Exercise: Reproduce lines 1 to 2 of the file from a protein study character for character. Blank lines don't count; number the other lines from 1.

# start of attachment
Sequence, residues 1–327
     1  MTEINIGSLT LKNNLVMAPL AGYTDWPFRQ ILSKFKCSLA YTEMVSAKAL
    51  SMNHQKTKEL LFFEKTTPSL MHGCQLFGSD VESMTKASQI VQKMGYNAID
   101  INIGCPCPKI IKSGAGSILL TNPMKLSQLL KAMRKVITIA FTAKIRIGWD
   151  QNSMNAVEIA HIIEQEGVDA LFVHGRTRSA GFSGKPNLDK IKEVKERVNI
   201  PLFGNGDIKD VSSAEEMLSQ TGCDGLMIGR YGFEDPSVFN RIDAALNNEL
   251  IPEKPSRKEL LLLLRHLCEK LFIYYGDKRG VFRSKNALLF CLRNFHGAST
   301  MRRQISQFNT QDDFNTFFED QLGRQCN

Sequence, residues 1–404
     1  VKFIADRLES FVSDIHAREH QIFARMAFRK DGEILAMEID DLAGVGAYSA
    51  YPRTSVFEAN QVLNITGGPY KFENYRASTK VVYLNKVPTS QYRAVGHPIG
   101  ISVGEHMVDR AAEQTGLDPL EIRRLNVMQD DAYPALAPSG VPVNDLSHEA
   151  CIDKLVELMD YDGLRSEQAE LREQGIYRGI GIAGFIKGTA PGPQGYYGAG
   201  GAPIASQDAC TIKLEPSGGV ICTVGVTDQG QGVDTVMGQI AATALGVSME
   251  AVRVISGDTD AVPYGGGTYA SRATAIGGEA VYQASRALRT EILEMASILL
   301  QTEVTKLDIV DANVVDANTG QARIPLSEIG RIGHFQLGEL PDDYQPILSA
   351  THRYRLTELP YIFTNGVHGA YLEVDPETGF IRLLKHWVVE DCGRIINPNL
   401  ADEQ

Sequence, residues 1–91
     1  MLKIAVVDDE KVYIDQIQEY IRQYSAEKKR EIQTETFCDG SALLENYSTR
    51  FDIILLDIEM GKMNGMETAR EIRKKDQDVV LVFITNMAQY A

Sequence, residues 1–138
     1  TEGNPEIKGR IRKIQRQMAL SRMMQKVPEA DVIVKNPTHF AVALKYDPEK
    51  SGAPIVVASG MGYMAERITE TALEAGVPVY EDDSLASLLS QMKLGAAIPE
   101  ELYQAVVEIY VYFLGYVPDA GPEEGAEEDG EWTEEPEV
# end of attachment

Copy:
Sequence, residues 1–327
     1  MTEINIGSLT LKNNLVMAPL AGYTDWPFRQ ILSKFKCSLA YTEMVSAKAL